The recent demise of Hull House, the historic Chicago settlement established over a century ago by socialite, social entrepreneur, and activist Jane Addams may well be emblematic of tectonic shifts taking place in the human service sector. And the big problem with tectonic shifts is, you don’t know where the plates will land until they have.

To know about the history of social welfare in the United States is to know about Hull House as one of its most historic and significant icons. Addams imported the idea of a settlement house from England, and had the bold idea of empowering people and giving a hand up not a hand out. Central to the concept was that the settlement house was a part of the community, often an immigrant community, not somewhere downtown where one had to beg for help. The idea caught hold and settlement houses were established in communities across the country. Many still exist and are vital resources in their neighborhoods today.

Who knows if the board and staff leadership of Hull House could have made better decisions? They are certainly to be credited for spinning off some of their services to other service providers following the 123-year-old organization’s demise. The specifics of the Hull House situation notwithstanding, I think many of us see it as emblematic of the maelstrom of challenges even the most established and well run human service organizations is confronted with.

While often delivered by nonprofit charitable organizations, the lion’s share of funding for human services comes from government and it is squeezed at all levels. The economic downturn and recessionary pattern over the past few years created increased demand, notably by newly homeless and newly unemployed people, at a time when tax revenues and donations declined. Funding is particularly stressed in states hardest hit by the mortgage crisis, but it is the federal deficit that is driving and will continue to exacerbate the problem for service providers.

Nonprofit agencies are, for the most part, well run. Not all are as efficient as they might be, as many are more focused on mission than operations. Among the more sophisticated agencies, that has changed in recent years though. Groups of organizations are forming back-room cooperatives, agencies are combining their purchasing power, and several of the large “brands,” such as Girl Scouts of the USA, United Way Worldwide, and American Cancer Society, are combining sets of smaller local affiliates into larger and hopefully more efficient regional operations.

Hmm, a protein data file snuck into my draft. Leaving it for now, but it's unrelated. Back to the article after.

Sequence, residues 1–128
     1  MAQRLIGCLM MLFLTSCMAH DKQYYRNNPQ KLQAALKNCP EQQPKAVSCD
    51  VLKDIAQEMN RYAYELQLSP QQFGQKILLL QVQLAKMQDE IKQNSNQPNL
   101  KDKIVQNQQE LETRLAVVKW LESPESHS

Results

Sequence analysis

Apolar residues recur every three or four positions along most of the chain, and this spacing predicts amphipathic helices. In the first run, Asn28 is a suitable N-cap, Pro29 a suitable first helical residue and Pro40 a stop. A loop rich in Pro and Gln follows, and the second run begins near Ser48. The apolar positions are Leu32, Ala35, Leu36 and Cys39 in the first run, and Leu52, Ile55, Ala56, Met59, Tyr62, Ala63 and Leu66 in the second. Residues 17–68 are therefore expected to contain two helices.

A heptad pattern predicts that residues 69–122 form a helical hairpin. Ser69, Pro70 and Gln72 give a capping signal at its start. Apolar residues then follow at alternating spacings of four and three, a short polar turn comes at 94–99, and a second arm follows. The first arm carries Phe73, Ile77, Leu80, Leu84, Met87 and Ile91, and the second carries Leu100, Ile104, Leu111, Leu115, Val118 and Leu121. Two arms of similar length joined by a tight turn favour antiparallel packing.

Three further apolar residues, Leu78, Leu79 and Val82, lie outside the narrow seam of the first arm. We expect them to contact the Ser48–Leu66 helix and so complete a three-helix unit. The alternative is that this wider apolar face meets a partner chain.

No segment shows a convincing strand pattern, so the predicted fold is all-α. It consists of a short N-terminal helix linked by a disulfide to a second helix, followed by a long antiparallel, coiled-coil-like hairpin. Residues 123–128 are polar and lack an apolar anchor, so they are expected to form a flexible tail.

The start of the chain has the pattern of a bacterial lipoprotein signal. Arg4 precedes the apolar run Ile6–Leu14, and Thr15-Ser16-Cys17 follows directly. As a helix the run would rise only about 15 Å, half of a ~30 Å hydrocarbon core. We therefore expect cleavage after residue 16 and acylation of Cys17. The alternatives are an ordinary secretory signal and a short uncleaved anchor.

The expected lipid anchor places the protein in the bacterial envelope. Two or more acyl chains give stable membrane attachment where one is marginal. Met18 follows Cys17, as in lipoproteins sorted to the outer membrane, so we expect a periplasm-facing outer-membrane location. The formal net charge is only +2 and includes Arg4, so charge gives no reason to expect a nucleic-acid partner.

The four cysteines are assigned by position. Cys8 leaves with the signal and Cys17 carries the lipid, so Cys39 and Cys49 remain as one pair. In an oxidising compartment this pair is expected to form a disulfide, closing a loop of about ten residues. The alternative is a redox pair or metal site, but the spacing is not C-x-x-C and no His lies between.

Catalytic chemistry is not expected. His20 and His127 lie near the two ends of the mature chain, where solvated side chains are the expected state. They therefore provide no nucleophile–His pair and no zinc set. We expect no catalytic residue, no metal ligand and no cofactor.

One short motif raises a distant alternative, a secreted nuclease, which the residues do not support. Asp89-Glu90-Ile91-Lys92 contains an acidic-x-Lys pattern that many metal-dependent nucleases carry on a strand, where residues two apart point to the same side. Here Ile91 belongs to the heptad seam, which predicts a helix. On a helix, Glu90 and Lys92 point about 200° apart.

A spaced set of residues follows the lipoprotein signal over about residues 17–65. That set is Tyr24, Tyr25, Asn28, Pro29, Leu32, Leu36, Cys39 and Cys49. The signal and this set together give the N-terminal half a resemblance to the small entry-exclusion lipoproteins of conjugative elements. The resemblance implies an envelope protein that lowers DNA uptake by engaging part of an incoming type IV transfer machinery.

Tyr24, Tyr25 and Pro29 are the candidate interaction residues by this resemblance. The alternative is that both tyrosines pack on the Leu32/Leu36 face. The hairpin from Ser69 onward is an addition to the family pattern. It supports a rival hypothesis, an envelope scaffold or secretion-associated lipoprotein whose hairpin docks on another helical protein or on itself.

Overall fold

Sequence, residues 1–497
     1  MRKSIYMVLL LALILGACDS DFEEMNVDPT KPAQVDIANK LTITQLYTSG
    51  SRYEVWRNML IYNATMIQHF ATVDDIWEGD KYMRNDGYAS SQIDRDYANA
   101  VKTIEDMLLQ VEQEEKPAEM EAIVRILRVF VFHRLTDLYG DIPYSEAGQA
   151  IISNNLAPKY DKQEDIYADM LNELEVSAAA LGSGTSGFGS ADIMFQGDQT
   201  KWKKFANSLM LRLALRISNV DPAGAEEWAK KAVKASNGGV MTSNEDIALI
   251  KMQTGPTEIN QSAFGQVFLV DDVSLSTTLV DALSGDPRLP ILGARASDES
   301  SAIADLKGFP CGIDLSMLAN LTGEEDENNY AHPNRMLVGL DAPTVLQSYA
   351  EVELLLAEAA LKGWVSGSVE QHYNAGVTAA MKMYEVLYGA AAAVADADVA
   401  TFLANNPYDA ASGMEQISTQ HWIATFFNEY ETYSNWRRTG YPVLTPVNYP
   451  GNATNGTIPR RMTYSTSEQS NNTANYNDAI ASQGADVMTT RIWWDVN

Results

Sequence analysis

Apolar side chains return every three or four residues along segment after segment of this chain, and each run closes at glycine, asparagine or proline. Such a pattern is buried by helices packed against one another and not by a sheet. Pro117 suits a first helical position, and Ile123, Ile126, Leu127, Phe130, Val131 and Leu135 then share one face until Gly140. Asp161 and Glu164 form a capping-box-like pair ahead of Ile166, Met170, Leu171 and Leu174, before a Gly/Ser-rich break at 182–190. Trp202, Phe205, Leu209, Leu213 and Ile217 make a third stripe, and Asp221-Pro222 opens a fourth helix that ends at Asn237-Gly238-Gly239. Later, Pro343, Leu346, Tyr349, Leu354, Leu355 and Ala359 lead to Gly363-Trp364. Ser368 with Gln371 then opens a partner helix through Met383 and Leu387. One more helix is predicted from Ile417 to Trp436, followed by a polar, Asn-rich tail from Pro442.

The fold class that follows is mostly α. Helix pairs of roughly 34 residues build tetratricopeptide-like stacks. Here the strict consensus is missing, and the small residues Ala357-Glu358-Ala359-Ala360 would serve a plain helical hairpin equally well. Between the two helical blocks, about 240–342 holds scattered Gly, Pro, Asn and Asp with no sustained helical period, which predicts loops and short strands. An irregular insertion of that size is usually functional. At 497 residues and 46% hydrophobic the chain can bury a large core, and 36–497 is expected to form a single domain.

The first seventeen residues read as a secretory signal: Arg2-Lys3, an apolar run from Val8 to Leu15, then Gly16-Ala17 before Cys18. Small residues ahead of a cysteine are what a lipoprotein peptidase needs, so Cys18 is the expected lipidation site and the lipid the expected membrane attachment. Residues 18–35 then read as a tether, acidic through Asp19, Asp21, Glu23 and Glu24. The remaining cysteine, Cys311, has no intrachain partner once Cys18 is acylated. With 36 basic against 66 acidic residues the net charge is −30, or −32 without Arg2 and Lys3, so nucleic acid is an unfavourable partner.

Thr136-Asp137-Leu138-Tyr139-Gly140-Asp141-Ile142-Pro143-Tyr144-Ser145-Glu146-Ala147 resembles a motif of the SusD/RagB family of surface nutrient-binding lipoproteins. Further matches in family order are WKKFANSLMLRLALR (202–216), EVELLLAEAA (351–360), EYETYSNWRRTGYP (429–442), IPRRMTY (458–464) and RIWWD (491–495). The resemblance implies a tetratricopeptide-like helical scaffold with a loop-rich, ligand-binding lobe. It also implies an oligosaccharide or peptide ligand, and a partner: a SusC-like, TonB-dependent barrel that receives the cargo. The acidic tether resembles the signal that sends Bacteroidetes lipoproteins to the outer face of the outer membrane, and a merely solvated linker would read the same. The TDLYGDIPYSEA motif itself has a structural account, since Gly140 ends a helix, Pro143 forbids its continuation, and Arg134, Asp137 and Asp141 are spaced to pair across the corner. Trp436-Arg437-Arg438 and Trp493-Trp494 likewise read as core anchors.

Being historic and having had success over the decades will not necessary spell success in this new era that seems to be upon us. Because of the financial pressures that are likely to affect the sector for the foreseeable future, every nonprofit organization has to consider its operations in new ways and perhaps consider organizational options it would rather not. From my vantage point, these are among the considerations:

Service offerings have to be evaluated: 1) to ensure that they reflect current needs (rather than providing a service because we always have); and 2) in light of current funding realities. Some service lines may have to be cast off. Some should be.

Every organization needs to understand and evaluate its financial model. This is not necessarily common nonprofit practice. Many of us have a funding mix that is historic and we work those sources from year to year. There are so many forces affecting the “tectonic plates” of the sector that we need to start from square one, evaluate not only the sources but also the alternative ways of financing the things we need to do. My organization, for example, found it was dependent on one source that was not growing and others that varied widely from year to year, and developed an earned revenue approach to round out our financial model.

Cost savings and efficiencies are imperative. It is amazing to me how many organizations—nonprofit and otherwise—overlook group-purchasing arrangements. To their credit, hospitals and other industries get this, and save billions collectively annually. But efficiency goes far beyond purchasing; nonprofit organizations grow bureaucratic just as government and for-profit companies do. Layers add processes and costs and we should assess the cost-benefit. And, as I noted, some organizations are consolidating smaller operations into larger operating units. In a sector where local engagement is crucial, that can and should be done in a way that maintains local “ownership.”

When times are really tough and survival is in question, organizational and brand ego should give way to what’s right for the mission, even if that means spinning off functions to another organization (as Hull House did with some of its services) or merging with a more viable entity. Boards are, in my opinion, as guilty of the failure to consider such options as paid staff. We love our organizations and we would, apparently, rather let them fail than take affirmative and bold steps to preserve important community services. 

The Hull House situation garnered national attention because of the agency’s rich history, a history that could not protect it in today’s volatile environment. Nonprofit human services providers, really all nonprofits that serve a community mission, must face the reality of today’s uncertain environment and consider all options with objectivity and vigor.

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